On New Year’s Day 1887, the Tipperary Advocate listed serious incidents in a match on Christmas Day at Rossaguile, and in matches in Nenagh and Tyrone on St Stephen’s Day. According to the paper, all the incidents were the product of rough play and would have been avoided if “the shoulder jostling was left out of the fair hurling of the ball”. Elsewhere in the county, there were reports of “disgraceful scenes” in Clonmel when a team from Carrick travelled over for a match which devolved into a fracas, then into a brawl and, finally, into a bout of stone-throwing.

The police were called, arrests were made and several players received fines. It seems to have provoked no small amount of bitterness among the Carrick men that not one Clonmel man was arrested or fined. Responsibility for keeping violence at bay fell to the referee. It was no easy task. The rules of hurling were still being refined and were, in many instances, no more than vague guidelines.

More than that, the whole concept of refereeing was a new phenomenon in hurling. Even as the first championship was getting under way, a system was still being worked out. A referee was to be assisted in his duties by two field umpires, one of whom was appointed by each team. In seeking a decision, the captain of a team was supposed to appeal to the umpire from his club, who would then appeal to the referee, who would convey his decision to the players.

This system of decision-making by committee led to matches frequently being stopped as participants gathered around the referee awaiting his decision. Inevitably, umpires sought to use their position “to try and gain, fairly or foully, all the advantages they possibly can for their side”. Players were given to disregarding the referee’s authority or using “classical language” to abuse him. Teams who felt particularly aggrieved were known to leave the field in protest.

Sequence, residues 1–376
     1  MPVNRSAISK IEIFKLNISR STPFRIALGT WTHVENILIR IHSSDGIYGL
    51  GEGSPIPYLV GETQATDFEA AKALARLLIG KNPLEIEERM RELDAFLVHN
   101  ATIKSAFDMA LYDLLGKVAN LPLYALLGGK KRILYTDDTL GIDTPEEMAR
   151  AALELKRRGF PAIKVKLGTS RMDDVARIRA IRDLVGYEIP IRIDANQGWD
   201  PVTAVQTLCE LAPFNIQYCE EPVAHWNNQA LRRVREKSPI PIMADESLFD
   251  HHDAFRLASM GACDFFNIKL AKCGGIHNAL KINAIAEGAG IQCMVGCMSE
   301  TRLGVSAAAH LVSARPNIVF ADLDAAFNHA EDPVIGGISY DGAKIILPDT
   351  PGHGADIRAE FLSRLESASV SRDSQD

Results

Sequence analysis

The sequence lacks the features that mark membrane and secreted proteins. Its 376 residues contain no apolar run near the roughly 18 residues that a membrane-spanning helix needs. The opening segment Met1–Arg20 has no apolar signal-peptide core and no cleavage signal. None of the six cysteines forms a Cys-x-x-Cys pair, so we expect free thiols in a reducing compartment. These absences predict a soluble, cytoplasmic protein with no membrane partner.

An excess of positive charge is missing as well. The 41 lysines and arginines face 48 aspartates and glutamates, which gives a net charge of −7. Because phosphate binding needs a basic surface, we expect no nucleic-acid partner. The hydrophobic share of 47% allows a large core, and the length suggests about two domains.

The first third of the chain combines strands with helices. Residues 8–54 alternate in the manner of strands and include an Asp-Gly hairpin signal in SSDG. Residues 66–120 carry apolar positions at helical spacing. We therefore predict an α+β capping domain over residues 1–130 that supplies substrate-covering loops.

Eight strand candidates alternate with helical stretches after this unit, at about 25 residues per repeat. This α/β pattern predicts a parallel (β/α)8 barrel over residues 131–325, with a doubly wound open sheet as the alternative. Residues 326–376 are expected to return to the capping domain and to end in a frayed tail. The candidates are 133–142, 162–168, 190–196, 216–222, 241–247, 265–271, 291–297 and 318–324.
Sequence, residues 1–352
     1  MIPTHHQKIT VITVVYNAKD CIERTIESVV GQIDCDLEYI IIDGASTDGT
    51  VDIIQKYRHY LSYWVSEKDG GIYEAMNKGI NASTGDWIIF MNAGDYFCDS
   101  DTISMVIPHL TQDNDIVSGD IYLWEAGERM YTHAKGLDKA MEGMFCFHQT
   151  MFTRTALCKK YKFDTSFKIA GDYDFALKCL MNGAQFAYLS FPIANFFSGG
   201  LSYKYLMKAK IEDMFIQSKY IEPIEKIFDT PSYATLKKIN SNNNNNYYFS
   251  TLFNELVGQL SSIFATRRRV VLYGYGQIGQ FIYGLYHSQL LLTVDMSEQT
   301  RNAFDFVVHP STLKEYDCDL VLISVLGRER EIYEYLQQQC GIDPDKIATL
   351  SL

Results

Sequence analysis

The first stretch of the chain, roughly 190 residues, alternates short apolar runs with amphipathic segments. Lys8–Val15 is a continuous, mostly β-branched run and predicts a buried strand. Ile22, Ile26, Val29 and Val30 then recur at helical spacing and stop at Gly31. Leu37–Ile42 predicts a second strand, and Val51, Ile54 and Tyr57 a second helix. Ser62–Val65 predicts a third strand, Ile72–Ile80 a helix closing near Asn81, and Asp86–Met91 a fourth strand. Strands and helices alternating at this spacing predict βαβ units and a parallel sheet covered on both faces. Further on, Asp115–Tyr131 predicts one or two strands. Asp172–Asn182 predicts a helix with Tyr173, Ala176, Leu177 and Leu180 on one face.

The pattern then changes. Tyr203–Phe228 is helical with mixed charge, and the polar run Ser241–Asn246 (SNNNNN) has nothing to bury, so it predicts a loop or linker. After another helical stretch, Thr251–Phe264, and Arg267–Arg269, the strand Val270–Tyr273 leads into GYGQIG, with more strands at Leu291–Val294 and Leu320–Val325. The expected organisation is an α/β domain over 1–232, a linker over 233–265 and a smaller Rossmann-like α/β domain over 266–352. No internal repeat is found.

The situation was not helped by the confusion caused by crowds spilling on to the pitch. A supporter of the Mooncoin hurlers in Kilkenny was reported for flourishing an umbrella while he badgered a referee. Supporters of the Templemore club pulled up the goalposts when a match was headed in a direction of which they did not approve. The stewards supposedly responsible for keeping order could also become caught up in events. At the Wicklow championships in Parnell’s lands at Avondale there were “stewards and spectators freely using ash saplings on one another’s heads in a manner worthy of the halcyon days of faction fighting”.

Amid the general mayhem, the referee was expected to rule the game by shouting instructions. This was obviously open to malice and mischief. Members of the crowd and other players were known to shout: “Take up the ball”, or “Time is up”, as the game was in full flow. Only in 1888 was it recommended that referees be provided with a whistle. But a more fundamental problem was getting suitable men to referee matches.

Sutton regularly railed against those who were chosen, believing many to be lacking in authority and impartiality: “In appointing referees their fitness for the position is very often totally disregarded and we have seen men acting as such who knew as much about the duties of a referee, or of the rules of football or hurling, as the man in the moon.” The result was still more violence. As T. F. O’Sullivan, the first historian of the GAA, recalled: “The referee enjoyed no particular immunity from rough handling. His person was by no means sacrosanct.” In Dublin, despite Sutton’s pleas, a referee was “severely beaten” by a player at a match in Clonskeagh.

Referees were verbally abused before and after games on a routine basis. One referee recalled being “subjected to the most vile abuse from the very moment the match commenced”. Threats to referees were not without reward. A report on a match in the first Louth football championship records the crowd being “convulsed with amazement” at the decision of the referee to award victory to Point Road, Dundalk, over a team from Monasterboice. All present were clear that Monasterboice were comfortable winners, but the referee confided that “if he hadn’t made the Dundalk men victorious, there would be no use in him going home”.

In Tipperary, at least one referee was determined not to be intimidated: John Cullinane – an IRB man and land agitator – carried a blackthorn stick whenever he officiated. With the Tipperary championship about to begin, the fear was that even a blackthorn stick would be of scant use: Sutton had noted that “teams will be more anxious for victory in the championship ties than in ordinary matches, and this anxiety might operate injuriously against good fellowship”. For all the pious words, the reality was that it was precisely the prospect of bad fellowship which was central to the appeal of hurling in Tipperary.

The Hurlers, The First All-Ireland Championship and the Making of Modern Hurling by Paul Rouse is published by Penguin Ireland at €25.00